I live a life filled with protection and integration systems, 500kv transformers, and substations. This isn’t really the life that I, an English and French major, chose. Well, I guess I did choose it when I decided to marry Hubs, but I had no idea what I was getting into. (This English major just cringed at ending a sentence with a preposition, but sometimes you have to throw caution to the wind.)
Hubs is an electrical engineer. One who is extremely passionate about his work. One who makes stops at substations when we’re on vacation so he can ooh and aah over them and take pictures as well. Yes, on vacation. And yes, pretty much every vacation.
“Private Property — Do Not Enter?” Doesn’t phase him. “No Trespassing?” He figures that doesn’t apply to him — how could you be trespassing when you work in the industry and only want to admire the beauty of the work? Only once was he deterred…and that was only because we heard gunshots as he exited the car onto private property.
Now, I can’t complain too much since once in awhile, a love of power lines has its advantages. Like when you have to go to Kauai to survey the power transmission system, and you get to take your wife with you. And when the power transmission system isn’t accessible by road, you have to charter a helicopter. And you take your wife with you.
But, I was excited to get away from it for a bit. Hubs has been working a ton, and just having a break will be huge for all of us. He’s agreed to be available to his company when there are questions he needs to answer or if an emergency comes up, but not having to talk about outages and wiring diagrams will be nice.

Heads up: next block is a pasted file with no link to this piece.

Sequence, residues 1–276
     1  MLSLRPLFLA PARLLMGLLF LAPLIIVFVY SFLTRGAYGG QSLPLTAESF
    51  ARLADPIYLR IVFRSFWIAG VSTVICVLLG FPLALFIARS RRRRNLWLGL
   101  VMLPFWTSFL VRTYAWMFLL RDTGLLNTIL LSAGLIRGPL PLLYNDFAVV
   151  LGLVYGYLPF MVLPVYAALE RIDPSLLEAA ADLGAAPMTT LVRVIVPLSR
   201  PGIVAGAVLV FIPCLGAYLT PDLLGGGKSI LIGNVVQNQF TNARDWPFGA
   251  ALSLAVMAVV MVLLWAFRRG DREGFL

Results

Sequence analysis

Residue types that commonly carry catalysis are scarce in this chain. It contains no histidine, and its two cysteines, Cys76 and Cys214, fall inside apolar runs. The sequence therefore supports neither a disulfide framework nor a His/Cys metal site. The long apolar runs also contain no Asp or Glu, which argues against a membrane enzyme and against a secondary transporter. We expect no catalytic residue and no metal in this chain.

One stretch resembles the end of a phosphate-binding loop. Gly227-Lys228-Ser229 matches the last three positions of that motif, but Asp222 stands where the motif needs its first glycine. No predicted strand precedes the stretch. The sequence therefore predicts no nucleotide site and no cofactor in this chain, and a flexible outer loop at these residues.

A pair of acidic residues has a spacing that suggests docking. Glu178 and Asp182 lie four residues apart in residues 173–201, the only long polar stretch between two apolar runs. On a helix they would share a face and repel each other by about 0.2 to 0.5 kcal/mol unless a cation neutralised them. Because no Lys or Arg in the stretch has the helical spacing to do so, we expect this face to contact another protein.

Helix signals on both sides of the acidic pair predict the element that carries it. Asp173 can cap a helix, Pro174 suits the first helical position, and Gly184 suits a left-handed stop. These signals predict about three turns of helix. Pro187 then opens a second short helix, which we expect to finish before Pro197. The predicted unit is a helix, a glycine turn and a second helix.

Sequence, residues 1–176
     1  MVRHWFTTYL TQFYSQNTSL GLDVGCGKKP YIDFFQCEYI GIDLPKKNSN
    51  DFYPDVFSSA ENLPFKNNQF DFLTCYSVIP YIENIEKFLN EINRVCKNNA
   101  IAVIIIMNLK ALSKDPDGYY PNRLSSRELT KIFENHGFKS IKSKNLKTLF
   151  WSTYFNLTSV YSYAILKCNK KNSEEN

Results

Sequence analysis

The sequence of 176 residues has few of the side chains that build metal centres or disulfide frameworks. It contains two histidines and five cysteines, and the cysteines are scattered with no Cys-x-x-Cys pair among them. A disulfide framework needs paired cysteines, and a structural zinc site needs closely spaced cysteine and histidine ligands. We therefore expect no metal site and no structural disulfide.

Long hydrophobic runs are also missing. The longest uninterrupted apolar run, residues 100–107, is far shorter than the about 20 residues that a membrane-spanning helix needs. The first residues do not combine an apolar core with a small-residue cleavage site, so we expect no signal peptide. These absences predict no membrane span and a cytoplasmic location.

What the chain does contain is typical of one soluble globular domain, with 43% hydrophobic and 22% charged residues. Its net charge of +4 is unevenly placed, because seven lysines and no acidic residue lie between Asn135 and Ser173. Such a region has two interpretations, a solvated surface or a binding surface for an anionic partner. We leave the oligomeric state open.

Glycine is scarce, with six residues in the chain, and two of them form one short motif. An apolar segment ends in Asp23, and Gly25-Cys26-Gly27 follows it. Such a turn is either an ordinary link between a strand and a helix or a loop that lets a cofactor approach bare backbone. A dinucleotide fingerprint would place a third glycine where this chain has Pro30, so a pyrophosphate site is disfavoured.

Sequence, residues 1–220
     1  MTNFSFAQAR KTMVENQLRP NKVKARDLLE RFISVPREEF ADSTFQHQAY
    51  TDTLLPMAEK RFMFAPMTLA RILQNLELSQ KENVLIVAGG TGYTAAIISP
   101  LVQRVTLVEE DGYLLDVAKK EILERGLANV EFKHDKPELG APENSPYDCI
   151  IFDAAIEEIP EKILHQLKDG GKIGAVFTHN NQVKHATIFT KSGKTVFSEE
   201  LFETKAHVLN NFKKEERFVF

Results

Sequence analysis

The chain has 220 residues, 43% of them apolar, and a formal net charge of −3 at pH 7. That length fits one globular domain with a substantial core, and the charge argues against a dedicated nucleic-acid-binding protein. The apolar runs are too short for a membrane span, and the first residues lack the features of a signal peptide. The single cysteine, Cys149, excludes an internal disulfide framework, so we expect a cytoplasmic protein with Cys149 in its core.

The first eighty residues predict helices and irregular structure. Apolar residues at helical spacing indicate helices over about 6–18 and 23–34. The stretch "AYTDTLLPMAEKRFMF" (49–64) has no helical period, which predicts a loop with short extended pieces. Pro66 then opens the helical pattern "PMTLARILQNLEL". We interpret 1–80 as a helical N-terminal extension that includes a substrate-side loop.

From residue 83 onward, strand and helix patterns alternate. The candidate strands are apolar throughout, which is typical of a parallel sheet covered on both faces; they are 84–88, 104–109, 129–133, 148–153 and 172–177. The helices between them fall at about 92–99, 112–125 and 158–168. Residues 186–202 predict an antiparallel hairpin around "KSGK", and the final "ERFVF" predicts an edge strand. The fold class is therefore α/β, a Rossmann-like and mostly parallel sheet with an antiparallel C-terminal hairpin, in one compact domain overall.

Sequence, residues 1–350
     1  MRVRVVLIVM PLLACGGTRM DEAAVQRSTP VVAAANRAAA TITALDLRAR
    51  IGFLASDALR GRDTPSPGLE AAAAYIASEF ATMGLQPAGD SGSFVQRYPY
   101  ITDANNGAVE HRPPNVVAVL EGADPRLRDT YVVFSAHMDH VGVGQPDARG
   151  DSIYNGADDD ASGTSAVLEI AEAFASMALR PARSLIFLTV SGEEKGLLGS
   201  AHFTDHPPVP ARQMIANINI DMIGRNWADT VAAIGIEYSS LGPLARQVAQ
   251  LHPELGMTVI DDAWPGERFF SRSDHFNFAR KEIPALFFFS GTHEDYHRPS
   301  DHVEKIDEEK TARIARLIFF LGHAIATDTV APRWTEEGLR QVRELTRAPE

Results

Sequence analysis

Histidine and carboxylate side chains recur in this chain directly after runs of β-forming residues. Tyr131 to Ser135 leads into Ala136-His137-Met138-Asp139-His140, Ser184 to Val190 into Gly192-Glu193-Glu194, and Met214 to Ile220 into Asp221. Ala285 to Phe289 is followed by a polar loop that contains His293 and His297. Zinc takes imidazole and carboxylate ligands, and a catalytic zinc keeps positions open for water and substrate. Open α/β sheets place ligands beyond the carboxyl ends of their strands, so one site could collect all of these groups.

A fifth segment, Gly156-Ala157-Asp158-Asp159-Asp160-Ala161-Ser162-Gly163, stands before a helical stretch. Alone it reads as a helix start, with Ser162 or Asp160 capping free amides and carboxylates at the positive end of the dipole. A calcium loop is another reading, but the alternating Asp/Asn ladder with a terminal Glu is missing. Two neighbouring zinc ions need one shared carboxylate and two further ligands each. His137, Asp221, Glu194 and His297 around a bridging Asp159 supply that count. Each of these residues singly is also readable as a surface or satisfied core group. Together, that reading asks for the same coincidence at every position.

Turns out I was pretty naive thinking we would spend our time talking about history, literature and distant cultures. Thinking that the technical talk would be left Stateside.
Hubs’ family has relatives in Ireland. His parents met them several years ago, and they loved visiting them. We thought it would be a fantastic experience to meet family during the trip, so we reached out to them.
And, what a wonderful response we received! Myron, a cousin, asked if we would stay with them and offered to take us out to the original family homestead. When we received that email, the whole family was excited. The kids couldn’t believe they would be meeting family, and Hubs and I were so touched by the kindness of the emails we received from Myron. He and his wife gave us suggestions of places to see and offered to help with our itinerary if we had questions. It was all going swimmingly well.
Until, I received an excited email from Hubs. It should be noted that Hubs did not participate in these email exchanges at all; he read the emails, but didn’t comment for fear that would mean he would actually have to do some planning.
“Did you read Myron’s email signature?!”
No, I wrote back, I hadn’t. I was too busy reading the actual emails and trying to put the given suggestions into the itinerary. No time to look at the signature.
To which I received this response:
“He he. Look up his company, and his LinkedIn profile. We are going to have a geek fest!”
Are you kidding me?! A relative 4500 miles away who speaks the same language as Hubs?
Emails starting flying between the two as they began to compare notes on their specialties. Suddenly, the key words in the emails changed from “picturesque,” “castles,” and “beaches” to “solar PV,” “off-grid,” and “base-load offset”.
I should have known. You can take the Hubs out of the country, but you can’t take the system protection integration out of the Hubs.
Let the Geek Fest begin.